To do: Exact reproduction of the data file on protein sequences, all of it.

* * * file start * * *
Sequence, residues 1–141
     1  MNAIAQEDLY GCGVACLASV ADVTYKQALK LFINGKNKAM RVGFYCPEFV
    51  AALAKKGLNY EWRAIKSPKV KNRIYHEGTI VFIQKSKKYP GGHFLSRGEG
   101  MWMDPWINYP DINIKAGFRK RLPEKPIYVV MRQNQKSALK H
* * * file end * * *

Sequence, residues 1–141
     1  MNAIAQEDLY GCGVACLASV ADVTYKQALK LFINGKNKAM RVGFYCPEFV
    51  AALAKKGLNY EWRAIKSPKV KNRIYHEGTI VFIQKSKKYP GGHFLSRGEG
   101  MWMDPWINYP DINIKAGFRK RLPEKPIYVV MRQNQKSALK H